• Kids Play and Create. (n.d.). Self esteem and character building activities for kids. Retrieved from https://www.kidsplayandcreate.com/self-esteem-character-building-activities-for-kids/
  • Linehan, M. (1993). Skills training manual for treating borderline personality disorder. Guilford Press.
  • Mirror Mirror. (n.d.). Quiz for self-esteem. Retrieved from https://www.mirror-mirror.org/quiz-for-self-esteem.htm
  • Optimum Performance Institute. (n.d.). Use Dialectical Behavior Therapy (DBT) FAST skills to balance keeping relationships with keeping respect for yourself. Retrieved from https://www.optimumperformanceinstitute.com/dbt-treatment/dbt-fast-skills-explained/
  • Roberts, E. (2016, January 15). Feel confident now: Ask yourself these 15 questions. Healthy Place. Retrieved from https://www.healthyplace.com/blogs/buildingselfesteem/2016/01/feel-confident-now-ask-yourself-these-15-questions
  • Russell, S. T., Ryan, C., Toomey, R. B., Diaz, R. M., & Sanchez, J. (2011). Lesbian, gay, bisexual, and transgender adolescent school victimization: Implications for young adult health and adjustment. Journal of School Health, 81(5), 223–230.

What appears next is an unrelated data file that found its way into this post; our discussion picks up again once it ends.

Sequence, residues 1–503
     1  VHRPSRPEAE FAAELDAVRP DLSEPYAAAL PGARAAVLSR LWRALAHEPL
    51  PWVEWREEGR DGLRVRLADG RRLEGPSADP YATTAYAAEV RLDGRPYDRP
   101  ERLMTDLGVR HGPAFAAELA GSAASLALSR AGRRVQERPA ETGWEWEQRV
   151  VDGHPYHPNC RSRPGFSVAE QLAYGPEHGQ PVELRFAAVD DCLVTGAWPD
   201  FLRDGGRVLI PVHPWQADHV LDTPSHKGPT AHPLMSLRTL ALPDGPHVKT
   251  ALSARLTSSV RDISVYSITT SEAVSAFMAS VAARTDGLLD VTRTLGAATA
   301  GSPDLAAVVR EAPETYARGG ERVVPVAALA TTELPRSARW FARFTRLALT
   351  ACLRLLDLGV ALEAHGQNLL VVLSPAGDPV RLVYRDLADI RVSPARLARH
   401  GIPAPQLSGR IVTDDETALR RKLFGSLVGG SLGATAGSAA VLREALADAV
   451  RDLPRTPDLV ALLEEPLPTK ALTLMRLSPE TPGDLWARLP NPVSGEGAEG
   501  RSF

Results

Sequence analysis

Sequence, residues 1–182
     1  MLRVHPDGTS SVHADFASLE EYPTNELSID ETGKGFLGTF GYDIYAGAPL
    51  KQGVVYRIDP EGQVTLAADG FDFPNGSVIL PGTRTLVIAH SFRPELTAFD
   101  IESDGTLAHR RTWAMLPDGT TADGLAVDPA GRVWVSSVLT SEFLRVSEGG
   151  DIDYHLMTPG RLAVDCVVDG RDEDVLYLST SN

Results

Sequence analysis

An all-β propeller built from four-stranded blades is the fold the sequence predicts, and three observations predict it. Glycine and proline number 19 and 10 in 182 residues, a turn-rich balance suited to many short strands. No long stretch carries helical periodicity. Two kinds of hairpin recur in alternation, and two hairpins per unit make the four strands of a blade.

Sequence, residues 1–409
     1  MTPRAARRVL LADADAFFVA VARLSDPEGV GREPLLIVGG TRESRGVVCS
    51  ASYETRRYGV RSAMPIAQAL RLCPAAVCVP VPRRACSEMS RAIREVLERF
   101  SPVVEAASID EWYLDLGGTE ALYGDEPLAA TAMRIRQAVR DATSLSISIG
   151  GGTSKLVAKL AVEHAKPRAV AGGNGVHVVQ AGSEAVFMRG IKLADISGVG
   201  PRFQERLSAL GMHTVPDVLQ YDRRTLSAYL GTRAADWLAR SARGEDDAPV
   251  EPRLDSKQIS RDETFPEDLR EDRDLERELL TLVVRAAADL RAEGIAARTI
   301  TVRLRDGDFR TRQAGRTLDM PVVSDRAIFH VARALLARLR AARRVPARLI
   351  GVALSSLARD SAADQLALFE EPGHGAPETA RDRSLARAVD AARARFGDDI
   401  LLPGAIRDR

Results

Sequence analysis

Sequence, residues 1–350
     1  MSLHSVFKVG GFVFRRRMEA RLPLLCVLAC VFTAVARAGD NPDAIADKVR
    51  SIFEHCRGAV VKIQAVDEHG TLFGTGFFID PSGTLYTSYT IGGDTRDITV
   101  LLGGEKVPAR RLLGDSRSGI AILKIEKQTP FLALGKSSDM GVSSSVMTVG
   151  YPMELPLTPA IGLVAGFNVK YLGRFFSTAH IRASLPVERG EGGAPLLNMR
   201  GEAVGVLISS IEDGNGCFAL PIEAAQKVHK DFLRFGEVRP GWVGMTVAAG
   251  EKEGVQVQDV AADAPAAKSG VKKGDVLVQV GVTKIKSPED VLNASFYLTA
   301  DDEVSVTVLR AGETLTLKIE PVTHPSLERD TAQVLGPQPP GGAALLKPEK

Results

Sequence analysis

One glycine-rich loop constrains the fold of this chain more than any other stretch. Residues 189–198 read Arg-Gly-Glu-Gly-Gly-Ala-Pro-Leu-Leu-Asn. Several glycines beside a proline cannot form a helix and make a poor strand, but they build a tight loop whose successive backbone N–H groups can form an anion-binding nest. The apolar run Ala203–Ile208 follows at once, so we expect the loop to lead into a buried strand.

• Schiraldi, G. R. (2016). The self-esteem workbook. New Harbinger.
  • Therapist Aid. (n.d.) About me: Self-esteem sentence completion. Retrieved August 20, 2021, from https://www.therapistaid.com/therapy-worksheet/self-esteem-sentence-completion
  • Webber, C. (2019, September 18). 8 ways to overcome low self-esteem. NetDoctor. Retrieved from https://www.netdoctor.co.uk/healthy-living/wellbeing/a25866/how-to-overcome-low-self-esteem/

About the Author

Leslie Riopel, MSc., is Professor of Psychology at Northwood University. She writes on a wide range of topics at PositivePsychology.com and does research into mindfulness and meditation. Leslie’s unique blend of experiences in both real estate & psychology has allowed her to focus on fostering healthy workplaces that thrive.